Germany calls for France to handover its permanent UN security seat to the EU | Daily Mail Online

Germany has called for France to give up its permanent seat on the United Nations Security Council so it can be turned into an 'EU seat'.

Finance minister Olaf Scholz said he recognised the move would 'take some convincing in Paris', but added that it would be a 'bold and smart goal'.

It comes after the leaders of France and Germany backed the creation of an EU army, a proposal Defence Secretary Gavin Williamson has described as 'crazy'.

Mr Scholz, who is also Germany's vice-chancellor, said: 'If we are to take the European Union seriously, the EU should speak with one voice within the UN Security Council. In the medium term, France's seat could be converted to a seat for the EU.'

German Finance Minister and Vice-Chancellor Olaf Scholz gives a speech on Europe at the Humboldt university in Berlin on Wednesday

He said to lessen France's pain, it could become 'the permanent EU ambassador to the UN'.

Mr Scholz also said European Union governments needed to work more closely on defence spending and creating weapons.

But his suggestion of taking France's seat was shot down by the French ambassador to the United States, Gerard Araud.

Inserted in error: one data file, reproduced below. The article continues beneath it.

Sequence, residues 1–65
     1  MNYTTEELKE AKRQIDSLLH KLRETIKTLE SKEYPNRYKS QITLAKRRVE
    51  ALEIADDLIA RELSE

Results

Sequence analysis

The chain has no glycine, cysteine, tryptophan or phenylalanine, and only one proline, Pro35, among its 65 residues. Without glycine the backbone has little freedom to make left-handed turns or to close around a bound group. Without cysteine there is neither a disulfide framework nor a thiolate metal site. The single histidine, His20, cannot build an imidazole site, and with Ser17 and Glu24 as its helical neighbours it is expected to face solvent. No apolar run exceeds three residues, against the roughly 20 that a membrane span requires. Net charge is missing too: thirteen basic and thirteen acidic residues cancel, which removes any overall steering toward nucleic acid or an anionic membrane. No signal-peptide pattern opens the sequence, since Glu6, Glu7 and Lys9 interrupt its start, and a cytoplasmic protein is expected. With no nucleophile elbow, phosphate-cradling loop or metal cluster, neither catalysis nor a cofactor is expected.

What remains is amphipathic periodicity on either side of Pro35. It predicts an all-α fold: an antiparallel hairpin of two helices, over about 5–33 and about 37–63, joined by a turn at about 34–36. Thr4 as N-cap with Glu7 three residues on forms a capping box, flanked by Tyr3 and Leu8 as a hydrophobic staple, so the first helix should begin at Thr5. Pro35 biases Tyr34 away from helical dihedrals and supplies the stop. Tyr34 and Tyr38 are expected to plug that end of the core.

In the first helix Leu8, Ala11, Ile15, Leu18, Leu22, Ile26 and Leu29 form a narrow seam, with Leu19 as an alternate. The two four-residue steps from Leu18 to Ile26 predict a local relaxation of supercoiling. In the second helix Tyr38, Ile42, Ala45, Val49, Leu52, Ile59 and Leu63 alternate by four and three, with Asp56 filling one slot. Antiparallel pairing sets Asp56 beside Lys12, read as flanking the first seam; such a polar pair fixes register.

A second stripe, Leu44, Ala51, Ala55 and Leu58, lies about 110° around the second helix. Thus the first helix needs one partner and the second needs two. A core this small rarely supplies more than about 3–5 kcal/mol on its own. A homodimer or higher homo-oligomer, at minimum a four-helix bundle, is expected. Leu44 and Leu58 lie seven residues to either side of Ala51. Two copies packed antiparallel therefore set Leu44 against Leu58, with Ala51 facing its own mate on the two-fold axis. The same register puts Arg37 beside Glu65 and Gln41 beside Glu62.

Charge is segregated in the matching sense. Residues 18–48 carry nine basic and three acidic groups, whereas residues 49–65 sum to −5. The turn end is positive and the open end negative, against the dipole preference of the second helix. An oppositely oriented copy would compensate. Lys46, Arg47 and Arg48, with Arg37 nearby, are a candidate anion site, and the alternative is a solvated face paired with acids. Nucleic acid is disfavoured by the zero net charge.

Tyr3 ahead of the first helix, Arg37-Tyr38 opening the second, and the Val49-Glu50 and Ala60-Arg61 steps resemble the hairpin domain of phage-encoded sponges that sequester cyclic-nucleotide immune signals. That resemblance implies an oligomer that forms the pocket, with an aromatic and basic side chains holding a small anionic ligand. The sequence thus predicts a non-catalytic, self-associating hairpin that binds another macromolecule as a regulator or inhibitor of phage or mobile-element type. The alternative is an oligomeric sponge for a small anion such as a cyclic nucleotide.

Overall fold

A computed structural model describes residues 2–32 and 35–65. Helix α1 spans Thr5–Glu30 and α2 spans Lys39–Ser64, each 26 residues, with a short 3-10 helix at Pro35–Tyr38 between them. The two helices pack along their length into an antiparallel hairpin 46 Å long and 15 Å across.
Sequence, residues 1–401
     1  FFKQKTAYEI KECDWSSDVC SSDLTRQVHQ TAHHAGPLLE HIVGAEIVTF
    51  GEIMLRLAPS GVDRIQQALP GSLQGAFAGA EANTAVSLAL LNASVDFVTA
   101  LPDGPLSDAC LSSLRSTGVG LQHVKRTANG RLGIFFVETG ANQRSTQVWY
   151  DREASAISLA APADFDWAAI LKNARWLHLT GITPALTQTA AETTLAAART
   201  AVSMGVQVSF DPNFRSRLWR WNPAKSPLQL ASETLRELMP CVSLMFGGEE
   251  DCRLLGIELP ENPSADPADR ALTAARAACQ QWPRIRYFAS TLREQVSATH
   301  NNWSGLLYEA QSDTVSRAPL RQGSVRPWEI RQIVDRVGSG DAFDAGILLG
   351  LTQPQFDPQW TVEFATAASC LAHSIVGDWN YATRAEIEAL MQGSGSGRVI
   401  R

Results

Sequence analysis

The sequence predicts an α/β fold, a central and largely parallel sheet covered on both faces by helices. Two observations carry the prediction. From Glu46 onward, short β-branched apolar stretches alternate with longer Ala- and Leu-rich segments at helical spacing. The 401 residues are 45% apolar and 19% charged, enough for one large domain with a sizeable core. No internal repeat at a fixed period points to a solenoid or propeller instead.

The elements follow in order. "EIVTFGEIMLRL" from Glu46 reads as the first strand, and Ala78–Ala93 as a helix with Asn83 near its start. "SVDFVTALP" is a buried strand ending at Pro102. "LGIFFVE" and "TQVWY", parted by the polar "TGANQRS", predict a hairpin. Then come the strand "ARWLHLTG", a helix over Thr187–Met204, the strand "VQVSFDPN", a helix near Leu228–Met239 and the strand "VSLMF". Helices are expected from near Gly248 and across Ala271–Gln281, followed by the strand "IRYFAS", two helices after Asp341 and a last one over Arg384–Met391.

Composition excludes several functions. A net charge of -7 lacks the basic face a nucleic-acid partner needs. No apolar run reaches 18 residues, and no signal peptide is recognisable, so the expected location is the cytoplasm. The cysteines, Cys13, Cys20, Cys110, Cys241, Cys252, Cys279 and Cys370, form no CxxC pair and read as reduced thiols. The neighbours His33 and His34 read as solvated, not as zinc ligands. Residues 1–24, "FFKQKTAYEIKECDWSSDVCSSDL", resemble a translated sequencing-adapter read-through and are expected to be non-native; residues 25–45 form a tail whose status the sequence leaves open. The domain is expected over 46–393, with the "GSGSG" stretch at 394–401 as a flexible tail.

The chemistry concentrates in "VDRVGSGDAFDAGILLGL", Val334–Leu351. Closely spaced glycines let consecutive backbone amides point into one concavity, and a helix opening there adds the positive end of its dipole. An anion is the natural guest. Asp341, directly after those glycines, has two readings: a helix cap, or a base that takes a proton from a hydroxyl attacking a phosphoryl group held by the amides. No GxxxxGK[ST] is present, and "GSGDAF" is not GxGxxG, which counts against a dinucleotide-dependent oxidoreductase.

He described it as 'legally impossible' and 'politically impossible'.

France has been one of the five permanent Security Council members since the body was established after the Second World War to prevent another large-scale conflict.

UN Security Council meet to discuss Ukraine crisis. Other permanent members also include Britain, Russia and America, the victors of the war, plus China

Angela Merkel and Finance Minister Olaf Scholz arrive to attend the weekly cabinet meeting in Berlin, Germany this week.

The permanent members also include Britain, Russia and America, the victors of the war, plus China.

They are the most influential in the 193-member United Nations because they hold the right to veto UN resolutions. When Britain leaves the EU, France will be the union's only permanent member of the Security Council.